Ansel Adams

Ansel Adams, Moon and Half Dome, 1960, Silver gelatin print, Polk Museum of Art Permanent Collection 2011.2, Purchase through the Art Resource Trust.

Ansel Adams’s life was, in his words, “colored and modulated by the great earth gesture” of the Yosemite Sierra. He spent substantial time there every year from 1916 until his death in 1984. From his first visit, Adams was transfixed and transformed. He began using the Kodak No. 1 Box Brownie that his parents had given him. In 1919 he joined the Sierra Club and spent the first of four summers in Yosemite Valley. The Sierra Club was vital to Adams’s early success as a photographer. His first published photographs appeared in the Sierra Club’s 1922 Bulletin, and he had his first one-man show in 1928 at the club’s San Francisco headquarters.

In 1927, he made what is considered his first fully visualized photograph, Monolith, the Face of Half Dome and in 1932, he had his first one-man exhibition at San Francisco’s DeYoung Museum. That year he and contemporary Edward Weston founded the renowned Group f/64, which brought the new West Coast vision of straight photography to national attention and influence. Adams is often revered as the last and defining figure in the romantic tradition of 19th century American landscape painting and photography

George Angell & Co.

Victorian Silversmith. Active in London, England during the 1850s through 1880s.

Julio Antonio

The focus of much of Antonio’s work in the 1980s and 1990s was study of modern Cuban history. Though he did not leave Cuba until 1985, he is as bitter as the earlier exile. His painting is openly political.

In this painting, the “bearded tyrant” lies within the “Pandora’s Box” which sits on an island. Surrounding the island is a body of water with skeletal figures. At the outer ring are the gods of Santeria, the Afro-Cuban religion of much of Cuba, who have been symbolically distanced from the island as a result of Castro’s policies.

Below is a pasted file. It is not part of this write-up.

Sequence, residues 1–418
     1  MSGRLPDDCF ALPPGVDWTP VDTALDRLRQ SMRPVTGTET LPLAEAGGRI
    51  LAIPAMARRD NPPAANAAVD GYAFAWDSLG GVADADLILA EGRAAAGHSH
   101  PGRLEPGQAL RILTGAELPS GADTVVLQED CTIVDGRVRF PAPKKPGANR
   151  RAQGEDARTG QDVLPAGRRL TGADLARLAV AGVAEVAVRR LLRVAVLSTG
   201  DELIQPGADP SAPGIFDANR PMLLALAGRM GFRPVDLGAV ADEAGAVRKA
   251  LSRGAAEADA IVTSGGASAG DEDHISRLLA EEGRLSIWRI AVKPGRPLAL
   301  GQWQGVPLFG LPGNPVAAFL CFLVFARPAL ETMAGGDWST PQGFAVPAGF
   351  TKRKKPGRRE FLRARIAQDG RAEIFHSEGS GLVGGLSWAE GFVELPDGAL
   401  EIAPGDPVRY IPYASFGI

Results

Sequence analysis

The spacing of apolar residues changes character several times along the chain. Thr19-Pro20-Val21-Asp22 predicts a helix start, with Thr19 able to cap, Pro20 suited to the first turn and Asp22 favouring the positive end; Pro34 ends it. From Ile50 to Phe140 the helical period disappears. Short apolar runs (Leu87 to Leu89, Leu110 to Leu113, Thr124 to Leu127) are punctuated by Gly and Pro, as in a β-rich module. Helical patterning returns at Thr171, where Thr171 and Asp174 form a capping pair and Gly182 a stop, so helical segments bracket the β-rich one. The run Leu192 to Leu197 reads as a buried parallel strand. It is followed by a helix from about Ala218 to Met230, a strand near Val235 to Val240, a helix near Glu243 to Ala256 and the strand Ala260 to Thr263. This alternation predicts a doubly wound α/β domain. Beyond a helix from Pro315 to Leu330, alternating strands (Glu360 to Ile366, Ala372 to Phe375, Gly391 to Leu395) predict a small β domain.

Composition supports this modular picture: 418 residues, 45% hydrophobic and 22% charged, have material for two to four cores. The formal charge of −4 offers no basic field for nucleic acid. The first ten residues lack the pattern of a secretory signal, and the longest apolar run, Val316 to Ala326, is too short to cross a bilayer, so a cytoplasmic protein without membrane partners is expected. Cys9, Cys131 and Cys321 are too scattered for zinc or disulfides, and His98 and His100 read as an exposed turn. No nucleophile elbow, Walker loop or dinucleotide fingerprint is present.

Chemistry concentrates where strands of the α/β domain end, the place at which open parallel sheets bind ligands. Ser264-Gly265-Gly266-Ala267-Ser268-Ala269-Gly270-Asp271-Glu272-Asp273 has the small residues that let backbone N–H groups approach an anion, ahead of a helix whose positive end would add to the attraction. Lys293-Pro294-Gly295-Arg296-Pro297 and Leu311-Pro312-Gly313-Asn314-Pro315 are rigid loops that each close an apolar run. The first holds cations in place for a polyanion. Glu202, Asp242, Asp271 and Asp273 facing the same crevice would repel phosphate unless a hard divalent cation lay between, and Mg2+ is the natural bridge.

www.julioantonio.com

Julio Antonio, NEW PANDORA’S BOX, N.D., ACRYLIC ON CANVAS, POLK MUSEUM OF ART PERMANENT COLLECTION 1993.4, ALL-FLORIDA BIENNIAL PURCHASE AWARD THROUGH THE KENT HARRISON MEMORIAL ACQUISITION FUND

Richard Anuszkiewicz

Richard Anuszkiewicz (pronounced Aah-nuss-KAY-vitch) was one of the founders of the Op Art movement during the late 1960s and 70s. Op Art is characterized by the use of formal elements like line and contrasting colors to create illusory compositions. These abstract artworks often move or vibrate optically. Anuszkiewicz is interested in the effects of complimentary colors as they are applied in patterns within the same geometric shape. His experiments with color were originally inspired by the color theorist Josef Albers, with whom Anuszkiewicz studied during the early 1950s.  

www.richardanuszkiewicz.com

Richard Anuszkiewicz, Blue Tinted Star, 1991, Lithograph/serigraph, Polk Museum of Art Permanent Collection 1993.10, Graphicstudio Subscription Purchase through Kent Harrison Memorial Acquisition Fund.

ARAKAWA Takeo

Arakawa Takeo is the first son of Arakawa Toyozo (1894-1985), who was instrumental in rediscovering the Momoyama period kiln sites that produced Shino ware, and succeeded in recreating the characteristic luscious Shino glaze, the technique for which had been forgotten. Arakawa continues his father's passion for various traditional styles of tea wares.

Source: Art Gallery of New South Wales, www.artgallery.nsw.gov.au

Connie Arismendi

Connie Arismendi is a nationally recognized sculptor and installation artist living and working in Austin, TX. She is known for innovative public art projects, from large-scale architectural installations to freestanding sculptures that combine a wide variety of materials.

She received a BFA from The University of Texas and an MFA from The School of the Art Institute of Chicago. Her artwork is shaped by the profound emotional and intellectual concepts of family, memory, and spirituality.

Zebedee "Z.B." Armstrong

American outsider artist known for his "doomsday calendars." In 1972, he claimed to be visited by an angel who warned him that the end of world was coming soon. Armstrong went on to construct almost 1,500 box calendars with the aim of trying to determine the exact date of the approaching doomsday. Many of the calendars are made of wood with clocks and dials, painted white and over-layered with grids or with text denoting the box's purpose.

Source: Christian Berst Gallery, www.christianberst.com

Alice Aycock

American sculptor, installation artist and printmaker whose constructions illuminate imagined or metaphysical ideas by describing them in a technical and architectural way.

Alice Aycock, How to Catch and Manufacture Ghosts, 1981, Photo-etching and watercolor (XVII/XXX), Polk Museum of Art Permanent Collection 2002.21.1, Gift of Norma Canelas and William D. Roth.